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Posts Tagged ‘Poverty’

On March 11 and 12 the World Affairs Council hosted WorldAffairs 2010, a day and a half of incisive analysis on four key global issues: the economy, climate change and the environment, development and poverty, and global security. Videos from our plenary and breakout sessions as well as interviews with speakers and our Take Action Reception partners are now available. Watch them now at www.livestream.com/worldaffairs2010.

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“Liberia is not a poor country. It is a country that has been managed poorly,” according Ellen Johnson Sirleaf, Liberia’s president and Africa’s first female head of state.

Poverty is both a cause and a consequence of violent conflict, which decimates economies, destroys infrastructure, and undermines a state’s capacity to meet basic needs. Yet Sierra Leone and Rwanda have each demonstrated that with the right policies and the right partners, countries can emerge from conflict and achieve positive economic results for their publics. Liberia can be a third example—and wealthy countries, far-sighted investors, and strategic philanthropists alike are betting on the policies of its reform-minded leader.

Undaunted by the problems inherited from 14 years of civil war, Sirleaf’s government undertook a highly inclusive public process to develop its Poverty Reduction Strategy (PRS). It encompasses policies aimed at integrating former combatants, promoting reconciliation, combating corruption, welcoming investment, and encouraging the growth of civil society. It is a blueprint that has persuaded wealthy countries to provide much-needed debt relief and both private philanthropists and investors to work in close coordination with one another—and with a government they feel they can trust.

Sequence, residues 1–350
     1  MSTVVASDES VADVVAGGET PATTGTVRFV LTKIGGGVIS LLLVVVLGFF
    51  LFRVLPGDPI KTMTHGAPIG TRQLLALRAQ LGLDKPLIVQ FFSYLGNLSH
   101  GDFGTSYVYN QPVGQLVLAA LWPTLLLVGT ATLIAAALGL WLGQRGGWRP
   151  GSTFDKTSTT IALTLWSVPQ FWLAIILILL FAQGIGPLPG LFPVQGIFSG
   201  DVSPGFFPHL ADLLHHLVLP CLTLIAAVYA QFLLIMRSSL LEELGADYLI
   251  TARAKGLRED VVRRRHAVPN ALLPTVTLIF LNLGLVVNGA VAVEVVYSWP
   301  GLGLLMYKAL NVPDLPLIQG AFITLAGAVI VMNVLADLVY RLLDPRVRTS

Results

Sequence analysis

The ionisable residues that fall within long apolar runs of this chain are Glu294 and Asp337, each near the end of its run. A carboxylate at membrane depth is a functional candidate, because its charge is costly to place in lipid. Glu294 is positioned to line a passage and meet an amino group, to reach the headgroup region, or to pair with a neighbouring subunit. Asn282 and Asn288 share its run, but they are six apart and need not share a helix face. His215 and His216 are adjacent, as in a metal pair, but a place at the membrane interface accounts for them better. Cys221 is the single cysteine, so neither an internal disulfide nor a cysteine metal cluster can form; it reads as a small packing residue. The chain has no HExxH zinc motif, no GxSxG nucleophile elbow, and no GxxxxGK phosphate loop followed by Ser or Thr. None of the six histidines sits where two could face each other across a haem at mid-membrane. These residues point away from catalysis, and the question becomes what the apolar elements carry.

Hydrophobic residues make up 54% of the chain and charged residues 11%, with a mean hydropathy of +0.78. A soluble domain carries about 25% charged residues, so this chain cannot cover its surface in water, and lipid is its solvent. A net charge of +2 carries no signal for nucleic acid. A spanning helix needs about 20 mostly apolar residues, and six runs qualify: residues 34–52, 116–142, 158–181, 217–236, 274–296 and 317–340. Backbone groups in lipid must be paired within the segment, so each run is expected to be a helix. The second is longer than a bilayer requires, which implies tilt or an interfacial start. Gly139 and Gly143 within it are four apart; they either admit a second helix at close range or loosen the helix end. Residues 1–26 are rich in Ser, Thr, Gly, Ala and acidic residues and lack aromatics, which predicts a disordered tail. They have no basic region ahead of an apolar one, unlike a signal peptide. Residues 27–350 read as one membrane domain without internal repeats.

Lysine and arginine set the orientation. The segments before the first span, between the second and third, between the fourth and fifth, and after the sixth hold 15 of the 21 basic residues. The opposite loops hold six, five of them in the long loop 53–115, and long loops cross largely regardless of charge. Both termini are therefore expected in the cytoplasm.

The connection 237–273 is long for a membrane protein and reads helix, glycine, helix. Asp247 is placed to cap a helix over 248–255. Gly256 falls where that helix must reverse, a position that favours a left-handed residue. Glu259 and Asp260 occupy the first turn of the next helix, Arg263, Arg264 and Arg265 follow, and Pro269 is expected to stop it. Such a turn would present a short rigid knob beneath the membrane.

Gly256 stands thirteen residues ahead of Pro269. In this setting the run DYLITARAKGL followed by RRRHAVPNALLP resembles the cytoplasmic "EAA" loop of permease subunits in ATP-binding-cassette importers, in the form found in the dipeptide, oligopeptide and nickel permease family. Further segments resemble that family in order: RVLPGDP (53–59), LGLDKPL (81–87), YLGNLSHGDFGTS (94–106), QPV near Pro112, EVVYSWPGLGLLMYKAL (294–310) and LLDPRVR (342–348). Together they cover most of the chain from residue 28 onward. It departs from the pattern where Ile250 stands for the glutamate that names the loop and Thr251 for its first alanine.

I write from Liberia, where I am traveling with 19 philanthropists committed to Liberia’s success. The origins of this trip lie in a 2008 Clinton Global Initiative “commitment” undertaken by Pam Omidyar’s Humanity United, the Global Philanthropy Forum (GPF), the Open Society Institute, the Daphne Foundation, the NoVo Foundation, the McCall-MacBain Foundation, TrustAfrica, and the government of Liberia.

As part of the commitment, the grant-making foundations stepped forward to finance the establishment of a Philanthropy Secretariat within President Sirleaf’s offices, with the mandate to coordinate their investments so as to best support Liberia’s reform agenda. For our part, at the GPF, we agreed to expand the number of “new philanthropists” alert to Liberia’s potential and to test and refine this extraordinary model of partnership between a post-crisis government and a consortium of private donors and investors.

Ultimately, our hope is to be able to demonstrate—to our satisfaction and to other donors seeking to engage—that this model of highly disciplined and collaborative philanthropic engagement can be adapted and made portable to other post-crisis situations. Many of the GPF members who joined the trip are also leaders of The Philanthropy Workshop West or members of the Aspen Institute Society of Fellows. They are strategic philanthropists, discerning, intent on impact—and deeply respectful of local voices.

They recognize that many of the prescriptions contained in Liberia’s poverty reduction strategy would apply to most post-crisis states. At the same time, they are cognizant that Liberia’s history is unique.  Founded by freed American slaves in 1847, it became the first independent republic in Africa. It established a constitution that met the needs of those settlers, but excluded indigenous peoples. The inequities inherent in that formula helped lead to political instability and ultimately a brutal civil war, during which the GDP of the country dropped 90%, poverty rates rose 64%, the physical infrastructure was decimated, the management class was dispersed, 270,000 died, and many hundreds of thousands were displaced. Its young population, 75% of whom are under age 25, has spent more time in battle than in school.